Employers urged to find out more about dementia at drop-in events

Events to support employers and the local community during Dementia Awareness Week (Scotland)

Employers in and around South Queensferry are invited to get along to two events this week to find out more about the effects of dementia and how it can impact sufferers, family and friends, employers and local businesses, and how they can spot the signs.
They’re encouraged to pop along to two drop-in events to be held on 1 and 2 June by the Queensferry Dementia Friendly Initiative as part of Dementia Awareness Week (Scotland), which runs from today (Monday, 30 May) to 3 June.
First up is the launch of a new Dementia Reference Section at South Queensferry Library on Wednesday, 1 June. Employers and members of the public are invited to drop in between 2pm and 3pm to find out how this new, dedicated resource has been designed to support the local community.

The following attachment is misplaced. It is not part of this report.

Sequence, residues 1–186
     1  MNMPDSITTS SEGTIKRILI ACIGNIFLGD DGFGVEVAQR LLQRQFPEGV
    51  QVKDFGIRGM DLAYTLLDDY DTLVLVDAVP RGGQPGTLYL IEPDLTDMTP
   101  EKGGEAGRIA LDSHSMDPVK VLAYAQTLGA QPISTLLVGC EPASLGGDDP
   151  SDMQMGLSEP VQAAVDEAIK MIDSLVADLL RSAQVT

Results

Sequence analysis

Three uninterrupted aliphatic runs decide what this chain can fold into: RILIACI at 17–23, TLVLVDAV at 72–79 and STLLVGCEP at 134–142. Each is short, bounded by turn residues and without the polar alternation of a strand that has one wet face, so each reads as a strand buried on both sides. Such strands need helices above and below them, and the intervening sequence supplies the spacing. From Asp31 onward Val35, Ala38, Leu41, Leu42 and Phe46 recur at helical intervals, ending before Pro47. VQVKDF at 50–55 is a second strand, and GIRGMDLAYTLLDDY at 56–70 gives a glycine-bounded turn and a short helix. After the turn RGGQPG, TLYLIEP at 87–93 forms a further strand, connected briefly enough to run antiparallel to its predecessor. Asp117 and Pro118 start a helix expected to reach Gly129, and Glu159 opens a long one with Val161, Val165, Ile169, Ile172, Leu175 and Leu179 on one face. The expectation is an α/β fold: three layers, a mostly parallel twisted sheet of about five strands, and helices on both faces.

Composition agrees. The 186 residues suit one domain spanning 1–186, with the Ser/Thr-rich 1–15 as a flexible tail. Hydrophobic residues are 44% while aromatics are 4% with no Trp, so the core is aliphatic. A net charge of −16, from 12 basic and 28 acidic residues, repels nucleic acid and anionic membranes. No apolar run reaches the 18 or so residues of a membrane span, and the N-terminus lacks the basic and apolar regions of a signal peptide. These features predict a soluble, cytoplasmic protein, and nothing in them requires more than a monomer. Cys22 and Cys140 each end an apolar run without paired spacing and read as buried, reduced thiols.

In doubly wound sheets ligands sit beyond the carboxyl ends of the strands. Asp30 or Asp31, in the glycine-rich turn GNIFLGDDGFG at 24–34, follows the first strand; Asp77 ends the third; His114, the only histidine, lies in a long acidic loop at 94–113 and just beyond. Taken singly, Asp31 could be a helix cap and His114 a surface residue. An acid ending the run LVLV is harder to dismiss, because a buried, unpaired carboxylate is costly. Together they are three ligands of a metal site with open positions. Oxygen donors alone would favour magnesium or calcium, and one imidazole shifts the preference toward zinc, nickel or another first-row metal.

The new reference section will include books and information leaflets about dementia, while library staff will be more than happy to discuss how they can better support dementia sufferers and their carers.
The following day, a Dementia – It’s an Everyday Thing drop-in event will be held between 1pm and 4pm at Rosebery Hall, where a number of organisations will be on-hand to offer practical help, information and support for people with dementia, their carers and family and friends.
Entertainment will be provided on the day, courtesy of Edinburgh Fringe act ‘Step Into My Parlour’, which performs songs and stories from days gone by, as well as free refreshments.
The Queensferry Dementia Friendly Initiative is a local voluntary organisation set up to improve the lives of people affected by dementia in South Queensferry.
It’s keen to make people more aware of the devastating effects dementia can have – particularly since its prevalence in our communities is increasing.
Fiona Grant of JW Physiotherapy, a volunteer member of the Queensferry Dementia Friendly Initiative, said: “You may find it’s not just employees who develop this distressful condition, but that they may be carers for a relative with dementia. Therefore, gathering as much information about the condition as possible will leave you better equipped to manage any situations which may arise as an employer.”
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